|Mellinkoff's Dictionary of American Legal Usage, 1992||Professionals||~4500||American||present when a term is unusual, exotic, controversial or when needed to avoid confusion||Advantages
|Black's Law Dictionary, centennial edition, 1991||Students and legal professionals||~30,000||American but some British law||yes for Latin and foreign terms; some non-foreign terms as well, but its hard to see why these other terms have been chosen.||Advantages
|Table 2. Sample Definitions of Caveat Emptor from Each of the Dictionaries Discussed|
|Dictionary of Law, 2nd edition, 1996||Latin phrase meaning 'let the buyer beware': phrase meaning that the buyer is himself responsible for checking that what he buys is in good order|
|Real Life Dictionary of the Law, 1997||(kah-vee-ott emptor) Latin for "let the buyer beware." The basic premise that the buyer buys at his/her own risk and therefore should examine and test a product himself/herself for obvious defects and imperfections. Caveat emptor still applies even if the purchase is "as is" or when a defect is obvious upon reasonable inspection before purchase. Since implied warranties (assumed quality of goods) and consumer protections have come upon the legal landscape, the seller is held to a higher standard of disclosure than "buyer beware" and has responsibility for defects which could not be noted by casual inspection (particularly since modern devices cannot be tested except by use and many products are pre-packaged). (See: consumer protection laws)|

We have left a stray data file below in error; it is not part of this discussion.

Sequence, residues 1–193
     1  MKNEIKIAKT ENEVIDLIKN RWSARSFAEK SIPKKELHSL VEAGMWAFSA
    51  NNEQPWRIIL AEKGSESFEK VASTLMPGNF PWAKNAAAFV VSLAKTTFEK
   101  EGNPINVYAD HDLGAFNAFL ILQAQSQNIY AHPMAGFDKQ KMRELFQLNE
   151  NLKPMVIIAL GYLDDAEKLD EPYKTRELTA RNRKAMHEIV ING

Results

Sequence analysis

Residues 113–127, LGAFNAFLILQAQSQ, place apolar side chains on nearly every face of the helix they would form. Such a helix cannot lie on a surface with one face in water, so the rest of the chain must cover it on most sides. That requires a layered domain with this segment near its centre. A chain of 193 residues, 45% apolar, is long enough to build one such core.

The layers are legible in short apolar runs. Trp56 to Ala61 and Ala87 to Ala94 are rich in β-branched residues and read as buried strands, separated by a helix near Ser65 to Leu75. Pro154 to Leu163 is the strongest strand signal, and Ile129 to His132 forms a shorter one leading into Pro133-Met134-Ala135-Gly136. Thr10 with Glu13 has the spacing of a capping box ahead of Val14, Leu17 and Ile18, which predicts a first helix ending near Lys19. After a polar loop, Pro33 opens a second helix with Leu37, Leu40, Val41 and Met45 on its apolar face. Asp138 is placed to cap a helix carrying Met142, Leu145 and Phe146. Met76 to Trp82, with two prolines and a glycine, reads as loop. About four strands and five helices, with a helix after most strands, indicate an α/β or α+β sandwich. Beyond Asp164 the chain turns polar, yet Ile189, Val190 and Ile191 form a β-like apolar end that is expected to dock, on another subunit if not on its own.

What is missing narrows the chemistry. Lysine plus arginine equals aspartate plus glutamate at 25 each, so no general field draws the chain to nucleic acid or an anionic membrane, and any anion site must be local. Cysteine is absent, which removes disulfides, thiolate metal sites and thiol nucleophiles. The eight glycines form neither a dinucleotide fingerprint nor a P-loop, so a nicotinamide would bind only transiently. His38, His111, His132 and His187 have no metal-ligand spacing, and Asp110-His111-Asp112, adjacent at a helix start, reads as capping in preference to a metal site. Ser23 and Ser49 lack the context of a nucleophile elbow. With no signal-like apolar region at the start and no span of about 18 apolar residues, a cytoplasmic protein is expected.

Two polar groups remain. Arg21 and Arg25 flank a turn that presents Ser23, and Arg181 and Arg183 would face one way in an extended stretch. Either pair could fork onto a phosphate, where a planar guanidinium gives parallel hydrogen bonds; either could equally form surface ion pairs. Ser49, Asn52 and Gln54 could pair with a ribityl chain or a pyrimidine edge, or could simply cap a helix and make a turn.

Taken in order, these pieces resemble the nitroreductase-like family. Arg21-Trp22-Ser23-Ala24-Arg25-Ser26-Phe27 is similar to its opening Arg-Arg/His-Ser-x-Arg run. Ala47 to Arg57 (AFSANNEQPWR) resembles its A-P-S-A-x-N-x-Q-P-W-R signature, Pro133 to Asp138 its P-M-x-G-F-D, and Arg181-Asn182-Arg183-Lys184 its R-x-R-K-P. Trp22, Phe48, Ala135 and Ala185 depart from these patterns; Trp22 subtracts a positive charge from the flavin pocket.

|Dictionary of Legal Terms, 2nd edition, 1993||(kä' -v eät emp' -tor) Lat.: let the buyer beware. This phrase expresses the rule of law that the purchaser buys at his own risk.|
|Mellinkoff's Dictionary of American Legal Usage, 1992||(L.: let the buyer beware): an old and worthless maxim reflecting an ancient view of the perils of a free and fraudridden marketplace. see maxims|
|Black's Law Dictionary, centennial edition, 1991||/kæviyet ém(p)ter/kéyviyetº/. Let the buyer beware. This maxim summarizes the rule that a purchaser must examine, judge, and test for himself. This maxim is more applicable to judicial sales, auctions, and the like, than to consumer goods where strict liability, warranty, and other consumer protection laws protect the consumer-buyer. See also Warning.|